KMF DM
For AD&D 2e (as well as BD&D) at least, that's actually not accurate. In 2e the lower your save number the better, since it was the target number on a d20 you were trying to reach or beat. The "Warrior" saving throws actually start worse than other classes, and then eventually at very high levels get only marginally better ...maybe... depending on class... and really on against Breath Weapon.

For instance, saves were listed in order of Paralyzation, Poison, or Death Magic > Rod, Staff, or Wand > Petrification or Polymorph > Breath Weapon > Spells. Comparing a 1st level Priest, Rogue, Warrior, and Wizard...

Priest = 10 > 14 > 13 > 16 > 15
Rogue = 13 > 14 > 12 > 16 > 15
Warrior = 14 > 16 > 15 > 17 > 17
Wizard = 13 > 11 > 13 > 15 > 12

So... for AD&D2e...
Priests start with better saves vs. Paralyzation, Poison, or Death.
Rogues are pretty balanced, but slightly better saves. vs Petrification or Polymorph.
Wizards rock both their saves. vs. Rod, Staff, or Wand and their saves vs. Spells.
Warriors... just lag behind.

What about Basic D&D? I was curious so I checked my copy of the Rules Cyclopedia. Similar saving throw set up, only it goes Death Ray or Poison > Magic Wands > Paralysis or Petrification > Dragon Breath > Rod, Staff, or Spell...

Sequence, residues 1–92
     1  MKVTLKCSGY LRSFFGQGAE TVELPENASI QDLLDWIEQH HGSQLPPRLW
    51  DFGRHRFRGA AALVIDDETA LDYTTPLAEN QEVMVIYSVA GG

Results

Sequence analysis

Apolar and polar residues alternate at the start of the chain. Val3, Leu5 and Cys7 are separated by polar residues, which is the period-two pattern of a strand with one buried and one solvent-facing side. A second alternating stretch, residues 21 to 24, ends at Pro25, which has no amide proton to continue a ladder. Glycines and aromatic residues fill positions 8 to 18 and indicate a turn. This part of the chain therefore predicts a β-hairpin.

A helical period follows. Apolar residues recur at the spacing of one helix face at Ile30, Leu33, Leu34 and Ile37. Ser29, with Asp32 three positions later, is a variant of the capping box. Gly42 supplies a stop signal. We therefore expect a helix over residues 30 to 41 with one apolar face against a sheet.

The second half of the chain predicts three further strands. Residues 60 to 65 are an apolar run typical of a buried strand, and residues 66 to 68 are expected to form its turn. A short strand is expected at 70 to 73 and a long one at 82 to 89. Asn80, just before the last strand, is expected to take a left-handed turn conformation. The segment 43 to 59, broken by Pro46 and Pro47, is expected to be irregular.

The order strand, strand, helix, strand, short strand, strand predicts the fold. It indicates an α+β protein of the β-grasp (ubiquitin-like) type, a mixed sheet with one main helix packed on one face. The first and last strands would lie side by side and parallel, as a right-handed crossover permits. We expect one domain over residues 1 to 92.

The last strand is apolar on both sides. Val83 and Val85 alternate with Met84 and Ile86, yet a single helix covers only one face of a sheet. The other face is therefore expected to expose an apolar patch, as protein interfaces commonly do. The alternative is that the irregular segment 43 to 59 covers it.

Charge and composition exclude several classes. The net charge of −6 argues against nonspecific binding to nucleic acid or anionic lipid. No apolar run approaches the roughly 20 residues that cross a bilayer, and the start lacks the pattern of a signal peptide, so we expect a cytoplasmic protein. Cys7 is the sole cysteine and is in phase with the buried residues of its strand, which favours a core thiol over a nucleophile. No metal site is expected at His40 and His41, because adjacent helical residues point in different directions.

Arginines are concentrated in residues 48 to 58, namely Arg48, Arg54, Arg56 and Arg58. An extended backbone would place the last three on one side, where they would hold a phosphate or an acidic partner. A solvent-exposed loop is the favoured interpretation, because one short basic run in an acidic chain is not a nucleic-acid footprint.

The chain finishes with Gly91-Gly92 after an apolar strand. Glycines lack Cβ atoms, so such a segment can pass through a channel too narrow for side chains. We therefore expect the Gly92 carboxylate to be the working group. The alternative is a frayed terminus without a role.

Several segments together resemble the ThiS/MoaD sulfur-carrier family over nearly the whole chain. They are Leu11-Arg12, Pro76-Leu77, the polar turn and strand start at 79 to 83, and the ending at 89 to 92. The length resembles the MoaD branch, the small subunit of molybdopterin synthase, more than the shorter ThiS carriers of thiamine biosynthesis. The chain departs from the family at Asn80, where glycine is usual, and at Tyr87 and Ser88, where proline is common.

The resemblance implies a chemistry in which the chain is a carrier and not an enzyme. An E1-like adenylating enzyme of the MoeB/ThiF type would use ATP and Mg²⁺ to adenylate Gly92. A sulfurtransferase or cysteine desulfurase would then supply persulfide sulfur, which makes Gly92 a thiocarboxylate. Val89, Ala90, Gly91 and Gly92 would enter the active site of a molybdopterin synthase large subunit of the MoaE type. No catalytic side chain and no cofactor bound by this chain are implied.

Cleric/Druid = 11 > 12 > 14 > 16 > 15
Fighter/Mystic = 12 > 13 > 14 > 15 > 16
Magic-user = 13 > 14 > 13 > 16 > 15
Thief = 13 > 14 > 13 > 16 > 15
Dwarf = 8 > 9 > 10 > 13 > 12
Elf = 12 > 13 > 13 > 15 > 15
Halfling = 8 > 9 > 10 > 13 > 12

So, for BD&D...
If you want good saves, be a Dwarf or Halfling.
Fighters are more just middle of the pack along with other classes.

I can't recall for 1e, so maybe someone else with more experience can remind us?
1e should be more or less the same as 2e. I must be misremembering, but I thought that fighters (at least in BECMI) had better save tracks than they actually did. I guess it shows how long it's been since I played the old editions. Don't know what I'm smoking today.
 

I blame a few things.
1) Standard array or stat placement.
Because of the standard array and stat placement, we no longer see fighter with mid to high int, wis or cha. These stats are now the dump stats for a fighter (or any martial character that will not cast any spells). My first character was a fighter that became a wizard because I had relatively low strength (16) but rolled 18 intelligence (yes, on 3d6 the rest was average). As a young 10 year old boy, I saw that as a curse, but I switched to wizard at level 7. But if I had had, say... 15? My fighter would have stayed a fighter but with a high intelligence score. With the standard array and stat placement, all fighters will have high ST or Dex and High Con. St or Dex will become a dump stat along with the intel and or charisma.